Special Report: Cashflow in a crisis

Special Report: Cashflow in a crisis

Mike Collins, Managing Director of Direct Route business to business debt recovery specialists and AccountAssyst online credit management, argues that if ever there was a time to review your credit management, it is now.

It is fantastic news that merchants have reopened. However, I believe the focus must now be on thinking differently. As a business we have worked with builders’ merchants for years, recovering debt of all sizes. During the pandemic, many had our number on speed dial and I’m pleased to say we recovered significant sums.

However, do you want your business in the position where avoidable write-offs are incurred because you are doing the same as you did pre-pandemic?

Here are five tips to reduce your overdue invoices and debt.

1: Don’t base credit agreements on credit reports alone.

The only realistic advice I can offer with regards to credit ratings and reporting limits is… be wary. We all know that credit reports are based upon the last accounts filed at Companies House. From the first available date, they’re already several months out of date.

Undoubtedly credit reports provide good indicators, and strong businesses with tangible assets remain so, but nobody knows how Covid-19 has damaged an individual business.

Some elements of credit reporting will help, such as payment data feeds which are going to be crucial as credit reporting organisations settle into the new norm. Credit reporting providers will quickly downgrade the rating on any business once alerted to overdue invoices of significance. Act immediately on this information to protect your interests.

Upload every customer to your credit reporting provider’s monitoring service to enable 24/7 knowledge about important changes. Act swiftly towards those with limits drastically (and suddenly) cut by your reporting agency. Withdraw limits and pursue overdue monies quickly. In the absence of satisfactory payment promises or positive feedback escalate to your chosen third-party route without delay.

2: Don’t automatically grant credit to new customers

New customers are always welcome, but why are new customers coming to you? Are they unhappy with their current provider(s), or could it be the other way round? What you want are long term loyal customers with a mutual appreciation for the business relationship; customers that pay you to terms, or close to them.

For new customers, a ‘tiny steps’ policy is advisable for granting credit until a trading pattern and important prompt payment evidence is established. Set out clearly the rules of engagement. Accept the ire of your sales team when activating speedy collection action on recently recruited late paying customers. If they know you mean business from the outset they will not re-offend.

3: Trade Credit Insurance — know the new limits

With the UK government confirming it will provide guarantees for all currently available trade credit insurance, builders’ merchants (and the BMF) breathed a sigh of relief. However, insurers are nevertheless reducing and pulling limits on customers for future trading.

When a customer’s credit insurance limit has been downgraded to £nil is it a sign of serious financial distress? Has the customer been reported as a late payer by another insured party? If you cannot get a limit for an existing debtor customer, escalation of your collection process should be immediate.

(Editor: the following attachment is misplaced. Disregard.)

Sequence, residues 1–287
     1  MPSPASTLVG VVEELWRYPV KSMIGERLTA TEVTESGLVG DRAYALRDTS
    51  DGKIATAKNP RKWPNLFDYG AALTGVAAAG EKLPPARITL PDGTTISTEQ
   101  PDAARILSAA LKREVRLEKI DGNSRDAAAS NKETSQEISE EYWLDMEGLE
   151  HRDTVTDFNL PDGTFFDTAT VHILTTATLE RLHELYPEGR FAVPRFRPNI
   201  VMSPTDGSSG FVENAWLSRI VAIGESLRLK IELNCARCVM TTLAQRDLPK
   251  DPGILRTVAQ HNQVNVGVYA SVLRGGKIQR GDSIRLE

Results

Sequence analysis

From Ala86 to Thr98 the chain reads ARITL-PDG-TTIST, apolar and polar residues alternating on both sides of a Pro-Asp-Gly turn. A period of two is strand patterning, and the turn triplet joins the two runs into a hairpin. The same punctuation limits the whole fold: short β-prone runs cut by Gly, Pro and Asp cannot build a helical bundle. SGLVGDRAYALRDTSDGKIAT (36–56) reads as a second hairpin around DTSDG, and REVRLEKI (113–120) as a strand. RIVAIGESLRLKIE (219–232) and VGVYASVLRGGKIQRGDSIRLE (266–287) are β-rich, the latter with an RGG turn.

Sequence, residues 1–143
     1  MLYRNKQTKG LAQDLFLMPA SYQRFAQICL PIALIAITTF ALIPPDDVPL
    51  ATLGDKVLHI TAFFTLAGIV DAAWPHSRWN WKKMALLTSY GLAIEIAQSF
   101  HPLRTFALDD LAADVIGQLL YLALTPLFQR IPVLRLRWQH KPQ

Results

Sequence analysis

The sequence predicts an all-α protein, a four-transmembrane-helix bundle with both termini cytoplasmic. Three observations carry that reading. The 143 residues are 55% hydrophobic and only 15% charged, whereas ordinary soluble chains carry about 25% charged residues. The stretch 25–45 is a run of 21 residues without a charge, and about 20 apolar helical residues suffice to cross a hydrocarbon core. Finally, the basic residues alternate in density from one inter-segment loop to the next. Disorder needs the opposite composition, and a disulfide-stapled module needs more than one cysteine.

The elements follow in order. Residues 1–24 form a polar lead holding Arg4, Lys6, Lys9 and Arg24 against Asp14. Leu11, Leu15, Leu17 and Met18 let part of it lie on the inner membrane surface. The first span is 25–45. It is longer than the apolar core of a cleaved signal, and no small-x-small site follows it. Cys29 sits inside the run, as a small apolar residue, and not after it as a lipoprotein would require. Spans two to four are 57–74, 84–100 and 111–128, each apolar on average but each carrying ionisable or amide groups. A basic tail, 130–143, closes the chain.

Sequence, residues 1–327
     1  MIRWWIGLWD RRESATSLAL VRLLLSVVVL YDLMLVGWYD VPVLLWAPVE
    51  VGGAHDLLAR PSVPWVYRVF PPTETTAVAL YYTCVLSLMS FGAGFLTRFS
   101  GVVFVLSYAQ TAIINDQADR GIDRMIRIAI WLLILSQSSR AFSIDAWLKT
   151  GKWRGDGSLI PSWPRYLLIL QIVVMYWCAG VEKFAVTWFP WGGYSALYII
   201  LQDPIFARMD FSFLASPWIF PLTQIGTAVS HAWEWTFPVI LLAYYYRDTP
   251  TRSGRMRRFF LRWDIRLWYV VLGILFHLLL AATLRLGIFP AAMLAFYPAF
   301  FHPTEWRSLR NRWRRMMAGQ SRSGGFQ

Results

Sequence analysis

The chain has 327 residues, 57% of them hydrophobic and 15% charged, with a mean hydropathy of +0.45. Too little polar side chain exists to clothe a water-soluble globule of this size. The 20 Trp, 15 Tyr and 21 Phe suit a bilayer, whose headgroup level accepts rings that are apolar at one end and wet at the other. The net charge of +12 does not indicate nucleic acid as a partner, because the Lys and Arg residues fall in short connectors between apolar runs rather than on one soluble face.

If a new customer is asking for supply of goods on credit and you cannot get a limit, is it because the insurer has a potential claim in progress from another insured unpaid party? Limits are granted largely based on credit reports which are being significantly downgraded. Whilst 100% of the new credit reporting limit may be supported by your policy, this is not the old pre-pandemic limit.

Is it time to revise credit limits on all customers?

4: Review your collections process — room for improvement?

Ensure you have strictly defined stages in your credit control process, for example: on stop at 7 days overdue, with the first gentle nudge reminder sent on day 10. Second reminder on day 17. Final notice and deadline for payment on day 24; phone calls day 24 to 31. At day 31 if no payment or satisfactory response, automatically escalate to third party collection agency.

For values exceeding £XXX, or for primary regarded customers, refer to management for approval prior to escalation.

5: Third-party escalation — collections agency or solicitor legal route?  

The landscape has changed. Acting quickly on overdue customers is the only option. But how can you achieve successful recoveries from customers prioritising their survival?

Insolvency options, such as Administrations, will come to the fore soon. When this happens procrastinators will not have been paid. Those taking prompt action will already have their monies secured.

A good debt collection agency will communicate with financially distressed debtors, achieving compromises within their financial means and palatable to you. Using a zero-cost debt collection agency, such as Direct Route, is probably the most logically viable.

By comparison it’s difficult to see merit in risking extra fees in solicitors or court costs. Months of court backlogs currently exist on court claim issues and enforcement. Can overrun bailiffs and High Court Enforcement Officers reasonably be expected to do their jobs effectively given social distancing measures?

All in all, avoid legal if possible. Communicating and negotiating with cash strapped customers will save time and fees.

A BMF service member, Direct Route Collections is keen to hear from merchants in need of help and advice during the concerning current climate. For more information, visit www.directroute.co.uk

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